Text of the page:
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Paintings Gallery

Paintings in Art can be found in London, England, United Kingdom in Europe

Choose from 3,752 pictures in our Paintings collection for your Wall Art or Photo Gift. All professionally made for Quick Shipping.


Attack of the Ulster Division, 1 July 1916, (c1930). Creator: James Prinsep Beadle Featured Paintings Print

Attack of the Ulster Division, 1 July 1916, (c1930). Creator: James Prinsep Beadle

Attack of the Ulster Division, 1 July 1916, (c1930). Scene from the Battle of the Somme in northern France during the First World War: the 36th (Ulster) Division advance under fire towards German front line. Nine members of the 36th were awarded the Victoria Cross for gallantry in the presence of the enemy'. Painting in the Belfast City Hall collection, Belfast, Northern Ireland. From "Modern Masterpieces of British Art". [The Amalgamated Press Ltd., London, c1930]

© The Print Collector/Heritage Images

Larkin - Richard Sackville J920333 Featured Paintings Print

Larkin - Richard Sackville J920333

KENWOOD HOUSE, SUFFOLK COLLECTION, London. " Richard Sackville, 3rd Earl of Dorset " 1613 by William LARKIN (died 1619). Sometimes mistaken for his brother Edward due to an erroneous inscription

© Historic England

Lace, Paintings, Red, Stuart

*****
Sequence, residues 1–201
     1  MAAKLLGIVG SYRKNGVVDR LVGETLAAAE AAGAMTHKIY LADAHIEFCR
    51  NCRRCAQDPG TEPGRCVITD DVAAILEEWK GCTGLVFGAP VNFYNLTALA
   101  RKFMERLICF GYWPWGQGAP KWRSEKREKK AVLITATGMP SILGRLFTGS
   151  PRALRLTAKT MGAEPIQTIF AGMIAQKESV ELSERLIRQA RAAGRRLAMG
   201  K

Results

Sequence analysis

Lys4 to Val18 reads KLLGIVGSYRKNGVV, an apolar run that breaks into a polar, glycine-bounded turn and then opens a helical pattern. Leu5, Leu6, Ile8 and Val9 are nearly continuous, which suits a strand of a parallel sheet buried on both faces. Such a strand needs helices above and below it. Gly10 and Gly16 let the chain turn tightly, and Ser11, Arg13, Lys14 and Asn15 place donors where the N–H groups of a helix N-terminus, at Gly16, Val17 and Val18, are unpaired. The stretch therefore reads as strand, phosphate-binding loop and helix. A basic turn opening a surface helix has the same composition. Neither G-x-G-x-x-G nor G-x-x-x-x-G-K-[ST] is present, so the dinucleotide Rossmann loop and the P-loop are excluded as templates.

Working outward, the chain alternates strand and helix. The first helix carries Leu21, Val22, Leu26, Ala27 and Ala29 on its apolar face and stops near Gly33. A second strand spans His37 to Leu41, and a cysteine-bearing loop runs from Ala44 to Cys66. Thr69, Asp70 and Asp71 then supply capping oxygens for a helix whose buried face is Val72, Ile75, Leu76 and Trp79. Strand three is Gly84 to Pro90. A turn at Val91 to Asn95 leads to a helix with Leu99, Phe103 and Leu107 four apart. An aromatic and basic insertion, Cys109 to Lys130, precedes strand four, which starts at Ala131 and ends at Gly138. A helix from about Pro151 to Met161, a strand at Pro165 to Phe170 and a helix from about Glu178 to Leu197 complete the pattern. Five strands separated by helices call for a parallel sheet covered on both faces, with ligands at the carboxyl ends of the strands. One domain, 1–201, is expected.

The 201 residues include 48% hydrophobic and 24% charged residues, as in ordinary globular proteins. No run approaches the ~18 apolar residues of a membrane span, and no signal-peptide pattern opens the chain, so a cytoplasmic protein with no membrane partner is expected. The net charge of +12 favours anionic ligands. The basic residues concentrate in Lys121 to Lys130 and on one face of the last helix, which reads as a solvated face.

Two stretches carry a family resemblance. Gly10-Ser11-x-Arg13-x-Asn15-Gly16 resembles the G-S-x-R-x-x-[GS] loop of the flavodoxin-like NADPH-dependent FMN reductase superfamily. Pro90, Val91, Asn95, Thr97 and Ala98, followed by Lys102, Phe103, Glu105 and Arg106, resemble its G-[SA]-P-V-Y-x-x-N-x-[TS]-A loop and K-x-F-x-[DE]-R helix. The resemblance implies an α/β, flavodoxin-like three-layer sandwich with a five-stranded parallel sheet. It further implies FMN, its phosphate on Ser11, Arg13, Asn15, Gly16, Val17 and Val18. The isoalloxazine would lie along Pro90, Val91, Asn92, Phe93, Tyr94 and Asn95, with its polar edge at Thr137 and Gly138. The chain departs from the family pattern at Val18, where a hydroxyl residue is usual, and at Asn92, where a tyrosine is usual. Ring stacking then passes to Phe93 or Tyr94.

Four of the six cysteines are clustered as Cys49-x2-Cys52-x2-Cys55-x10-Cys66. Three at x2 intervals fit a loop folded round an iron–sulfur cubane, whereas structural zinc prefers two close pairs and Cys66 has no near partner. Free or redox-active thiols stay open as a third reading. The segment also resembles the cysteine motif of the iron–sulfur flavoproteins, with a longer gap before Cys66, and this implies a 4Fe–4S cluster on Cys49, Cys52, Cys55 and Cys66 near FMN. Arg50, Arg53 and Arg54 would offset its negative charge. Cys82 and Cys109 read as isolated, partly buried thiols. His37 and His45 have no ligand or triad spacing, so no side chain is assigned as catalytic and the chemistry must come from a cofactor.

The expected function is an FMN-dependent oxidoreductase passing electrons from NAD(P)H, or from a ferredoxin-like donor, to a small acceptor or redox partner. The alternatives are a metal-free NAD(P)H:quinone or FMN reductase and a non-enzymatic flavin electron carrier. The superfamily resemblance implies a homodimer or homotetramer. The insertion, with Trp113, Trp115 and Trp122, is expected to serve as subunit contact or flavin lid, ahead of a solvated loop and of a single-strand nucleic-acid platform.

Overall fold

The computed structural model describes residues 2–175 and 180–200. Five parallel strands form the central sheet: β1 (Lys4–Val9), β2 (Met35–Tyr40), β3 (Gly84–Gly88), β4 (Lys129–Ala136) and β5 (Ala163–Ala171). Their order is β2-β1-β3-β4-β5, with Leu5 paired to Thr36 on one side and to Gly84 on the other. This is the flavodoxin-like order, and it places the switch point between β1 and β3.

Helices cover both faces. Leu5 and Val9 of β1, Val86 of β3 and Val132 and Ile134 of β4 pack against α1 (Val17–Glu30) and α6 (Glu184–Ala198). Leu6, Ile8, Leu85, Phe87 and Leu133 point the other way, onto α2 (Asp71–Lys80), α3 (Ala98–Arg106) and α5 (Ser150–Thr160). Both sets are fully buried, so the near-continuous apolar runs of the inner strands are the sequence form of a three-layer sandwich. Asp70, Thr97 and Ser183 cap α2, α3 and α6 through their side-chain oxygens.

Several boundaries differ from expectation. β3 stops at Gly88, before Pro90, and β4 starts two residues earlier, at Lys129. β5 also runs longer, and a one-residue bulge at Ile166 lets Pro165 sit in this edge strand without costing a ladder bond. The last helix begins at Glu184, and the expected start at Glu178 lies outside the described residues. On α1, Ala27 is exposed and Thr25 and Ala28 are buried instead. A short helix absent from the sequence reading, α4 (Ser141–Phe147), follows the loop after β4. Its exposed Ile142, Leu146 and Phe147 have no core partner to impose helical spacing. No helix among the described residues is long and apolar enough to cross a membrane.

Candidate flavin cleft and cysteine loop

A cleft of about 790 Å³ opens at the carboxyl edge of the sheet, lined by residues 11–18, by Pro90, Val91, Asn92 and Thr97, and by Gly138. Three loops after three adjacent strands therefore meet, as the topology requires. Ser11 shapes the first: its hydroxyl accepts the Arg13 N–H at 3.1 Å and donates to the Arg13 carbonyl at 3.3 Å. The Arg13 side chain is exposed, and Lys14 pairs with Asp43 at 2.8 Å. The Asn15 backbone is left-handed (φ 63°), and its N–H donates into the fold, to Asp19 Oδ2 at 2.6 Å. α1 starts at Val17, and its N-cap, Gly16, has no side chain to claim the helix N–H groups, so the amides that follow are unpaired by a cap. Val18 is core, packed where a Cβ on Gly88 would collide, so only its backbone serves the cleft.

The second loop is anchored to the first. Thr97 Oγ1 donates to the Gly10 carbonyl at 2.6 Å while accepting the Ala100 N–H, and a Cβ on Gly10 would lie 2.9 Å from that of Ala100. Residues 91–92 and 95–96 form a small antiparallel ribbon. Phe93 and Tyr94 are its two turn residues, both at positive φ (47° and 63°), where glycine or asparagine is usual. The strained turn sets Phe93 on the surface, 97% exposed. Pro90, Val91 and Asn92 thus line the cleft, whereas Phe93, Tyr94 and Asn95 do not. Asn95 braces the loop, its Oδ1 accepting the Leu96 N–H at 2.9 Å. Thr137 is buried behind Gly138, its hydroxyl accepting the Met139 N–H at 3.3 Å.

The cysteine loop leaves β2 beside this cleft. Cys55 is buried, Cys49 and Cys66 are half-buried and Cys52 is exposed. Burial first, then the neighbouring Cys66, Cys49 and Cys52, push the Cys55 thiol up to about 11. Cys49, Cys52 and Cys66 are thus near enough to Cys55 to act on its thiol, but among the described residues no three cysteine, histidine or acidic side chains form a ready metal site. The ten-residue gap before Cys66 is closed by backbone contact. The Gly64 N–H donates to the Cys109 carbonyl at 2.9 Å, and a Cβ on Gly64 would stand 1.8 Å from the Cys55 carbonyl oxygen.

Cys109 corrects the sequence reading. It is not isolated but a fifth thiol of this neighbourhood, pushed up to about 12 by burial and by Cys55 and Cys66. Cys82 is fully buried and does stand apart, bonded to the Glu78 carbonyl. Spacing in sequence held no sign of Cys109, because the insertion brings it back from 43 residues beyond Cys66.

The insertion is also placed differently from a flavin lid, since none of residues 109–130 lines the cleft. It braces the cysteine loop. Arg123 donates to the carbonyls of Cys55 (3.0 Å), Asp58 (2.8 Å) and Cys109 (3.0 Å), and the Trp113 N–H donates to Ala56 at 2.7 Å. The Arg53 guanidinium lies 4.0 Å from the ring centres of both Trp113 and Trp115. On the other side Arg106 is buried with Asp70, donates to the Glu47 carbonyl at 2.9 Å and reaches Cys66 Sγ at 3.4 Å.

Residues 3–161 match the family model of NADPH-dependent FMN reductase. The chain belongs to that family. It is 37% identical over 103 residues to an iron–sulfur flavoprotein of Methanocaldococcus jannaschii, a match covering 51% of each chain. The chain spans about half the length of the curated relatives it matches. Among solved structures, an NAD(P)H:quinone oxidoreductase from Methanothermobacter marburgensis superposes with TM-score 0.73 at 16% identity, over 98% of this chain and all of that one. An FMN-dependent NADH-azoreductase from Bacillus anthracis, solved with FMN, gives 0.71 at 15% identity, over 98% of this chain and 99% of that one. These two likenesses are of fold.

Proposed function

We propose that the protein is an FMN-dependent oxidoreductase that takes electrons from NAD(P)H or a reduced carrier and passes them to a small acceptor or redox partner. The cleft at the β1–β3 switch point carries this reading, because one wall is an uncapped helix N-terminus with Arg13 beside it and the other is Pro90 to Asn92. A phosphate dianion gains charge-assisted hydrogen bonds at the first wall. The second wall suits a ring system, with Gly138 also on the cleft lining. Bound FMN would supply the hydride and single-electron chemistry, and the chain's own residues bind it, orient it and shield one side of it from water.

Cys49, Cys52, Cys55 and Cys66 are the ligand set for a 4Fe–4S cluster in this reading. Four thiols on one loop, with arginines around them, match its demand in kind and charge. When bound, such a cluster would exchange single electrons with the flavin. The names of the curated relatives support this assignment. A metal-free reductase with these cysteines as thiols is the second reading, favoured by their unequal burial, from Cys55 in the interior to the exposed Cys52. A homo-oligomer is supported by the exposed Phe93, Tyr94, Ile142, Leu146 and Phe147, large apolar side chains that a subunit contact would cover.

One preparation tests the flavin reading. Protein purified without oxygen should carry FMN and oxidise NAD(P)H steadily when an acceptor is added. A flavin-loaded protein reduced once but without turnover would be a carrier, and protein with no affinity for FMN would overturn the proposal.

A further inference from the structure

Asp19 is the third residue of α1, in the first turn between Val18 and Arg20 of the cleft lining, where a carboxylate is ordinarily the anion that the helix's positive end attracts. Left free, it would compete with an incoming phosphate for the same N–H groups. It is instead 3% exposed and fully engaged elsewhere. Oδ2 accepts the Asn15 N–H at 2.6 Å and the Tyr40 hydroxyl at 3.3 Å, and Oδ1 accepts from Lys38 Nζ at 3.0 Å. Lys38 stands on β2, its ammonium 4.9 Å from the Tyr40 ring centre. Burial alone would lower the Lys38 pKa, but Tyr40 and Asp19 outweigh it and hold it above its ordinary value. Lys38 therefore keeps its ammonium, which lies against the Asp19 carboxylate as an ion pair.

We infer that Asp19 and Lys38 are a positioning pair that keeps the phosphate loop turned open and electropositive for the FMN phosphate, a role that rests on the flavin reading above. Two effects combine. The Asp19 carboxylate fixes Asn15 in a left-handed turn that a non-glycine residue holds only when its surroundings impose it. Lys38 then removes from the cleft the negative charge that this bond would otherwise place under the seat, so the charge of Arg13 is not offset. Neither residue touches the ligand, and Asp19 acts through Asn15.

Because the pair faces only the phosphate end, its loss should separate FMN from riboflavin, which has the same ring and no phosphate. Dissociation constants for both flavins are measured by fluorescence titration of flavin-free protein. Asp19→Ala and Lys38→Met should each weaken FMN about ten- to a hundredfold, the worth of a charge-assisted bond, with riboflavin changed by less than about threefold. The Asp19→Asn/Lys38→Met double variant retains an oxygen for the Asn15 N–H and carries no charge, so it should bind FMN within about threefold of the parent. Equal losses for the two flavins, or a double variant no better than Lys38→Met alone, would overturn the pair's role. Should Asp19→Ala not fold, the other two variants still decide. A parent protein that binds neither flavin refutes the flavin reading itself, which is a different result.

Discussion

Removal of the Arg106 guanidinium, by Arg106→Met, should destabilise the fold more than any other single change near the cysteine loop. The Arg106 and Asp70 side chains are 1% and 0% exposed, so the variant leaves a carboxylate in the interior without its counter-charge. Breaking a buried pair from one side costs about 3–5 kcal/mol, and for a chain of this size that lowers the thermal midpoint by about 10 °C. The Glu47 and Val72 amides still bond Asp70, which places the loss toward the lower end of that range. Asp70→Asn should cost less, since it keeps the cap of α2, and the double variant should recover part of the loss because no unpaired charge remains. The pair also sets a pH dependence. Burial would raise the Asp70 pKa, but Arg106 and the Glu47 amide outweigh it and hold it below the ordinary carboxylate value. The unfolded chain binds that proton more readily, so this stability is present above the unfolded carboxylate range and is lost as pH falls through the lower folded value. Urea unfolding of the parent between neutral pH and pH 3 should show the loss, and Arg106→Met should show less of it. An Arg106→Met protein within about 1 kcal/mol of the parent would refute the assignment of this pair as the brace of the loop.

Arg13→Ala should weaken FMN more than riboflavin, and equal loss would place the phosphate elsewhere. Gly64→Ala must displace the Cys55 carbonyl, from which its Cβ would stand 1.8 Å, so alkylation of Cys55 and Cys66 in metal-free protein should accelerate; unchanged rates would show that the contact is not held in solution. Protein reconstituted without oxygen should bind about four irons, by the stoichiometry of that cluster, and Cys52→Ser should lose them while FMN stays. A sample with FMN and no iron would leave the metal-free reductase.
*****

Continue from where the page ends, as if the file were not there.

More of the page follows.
The Ringers of Launcells Tower, Frederick Smallfield (1829-1915) Featured Paintings Print

The Ringers of Launcells Tower, Frederick Smallfield (1829-1915)

Oil on canvas, English School, 1887. This painting was inspired by the poem The Ringers of Launcells Tower by Rev. R.S. Hawker of Morwenstow in his book Cornish Ballads and Other Poems'. In this poem, the bell ringers who rang at the accession of George III in 1760 were still alive to ring at his golden jubilee in 1810. The church of Launcells is midway between Stratton and Bude. The picture was painted 77 years after George III's golden jubilee and so is a total reconstruction. There is, therefore, no possibility that the figures are actual portraits of the 1810 ringers. Nevertheless, Smallfield had visited the church tower before he started the painting but made certain alterations to the layout for artistic reasons. He also studied the bell ringers at his local church in Willesden, north west London, to get the action and the angle of the ropes correct. A watercolour version of this painting was exhibited at the Watercolour Society in 1878. Frederick Smallfield studied at the Royal Academy and subsequently exhibited there several times. He lived for most of his life in London and at Lee-on-Solent in Hampshire

© RIC